A leading accomplishment of the postwar years was the founding of the Goshen Fire Department. Anthony Thomas, as well as some old-timers who are now gone – Stewart Mollison, Sidney Sears and Gordon Newell – should be credited for much of the pre-organizational work. These people held dances to earn money four or five years prior to the formal beginning of the Firefighter’s Association. Tom Barrus wrote the following account of its developing years in 1956 for the town’s 175th anniversary.
“The Goshen Fire Department of today is a comparatively new addition to the community. As recently as ten years ago in case of fire all help was summoned by telephone and ringing the church bell. All available equipment consisted of soda-acid fire extinguishers and whatever tools the neighbors had at hand. Today, an emergency call of almost any kind can be answered in minutes with a large variety of modern equipment. In ten years, the town has acquired an underwriters-approved pumper and two 1,000-gallon tank trucks. A portable pump, electric generator, several hand extinguishers of the latest types, protective clothing, numerous small tools and 2,300 feet of hose make up the bulk of the inventory available to fight fire. For rescue work there is an ambulance, a resuscitator and breathing apparatus for use in smoke, poison gas or underwater. A capable corps of trained volunteers, without which the equipment would be useless, stands ready to answer every call.”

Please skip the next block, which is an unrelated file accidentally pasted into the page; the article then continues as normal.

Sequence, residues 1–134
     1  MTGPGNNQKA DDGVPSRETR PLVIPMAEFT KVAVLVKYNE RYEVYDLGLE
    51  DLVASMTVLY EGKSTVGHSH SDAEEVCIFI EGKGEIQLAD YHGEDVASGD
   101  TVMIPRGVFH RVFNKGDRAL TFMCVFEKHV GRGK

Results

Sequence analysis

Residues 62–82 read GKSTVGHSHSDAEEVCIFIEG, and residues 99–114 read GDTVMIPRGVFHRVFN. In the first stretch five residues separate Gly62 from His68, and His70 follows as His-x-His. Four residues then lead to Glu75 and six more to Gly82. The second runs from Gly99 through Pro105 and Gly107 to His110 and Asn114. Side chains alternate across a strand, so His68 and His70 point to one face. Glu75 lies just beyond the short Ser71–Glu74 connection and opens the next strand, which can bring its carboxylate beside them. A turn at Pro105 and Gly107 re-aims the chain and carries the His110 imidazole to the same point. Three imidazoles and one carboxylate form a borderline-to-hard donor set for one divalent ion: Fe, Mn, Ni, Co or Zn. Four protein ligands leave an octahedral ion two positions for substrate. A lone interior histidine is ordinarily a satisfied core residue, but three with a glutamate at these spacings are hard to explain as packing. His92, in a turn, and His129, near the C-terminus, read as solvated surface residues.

“A fire station which seemed almost too big when built, and which five years ago was ample, is now inadequate to house all the vehicles. The meeting room and other facilities upstairs provide suitable quarters for various activities of the firefighters and will be convenient for part-time or constant manning of the department if desired. Topped by a siren audible in nearly all parts of the town, the whole department offers protection to all and reduced insurance premiums to nearly every resident.”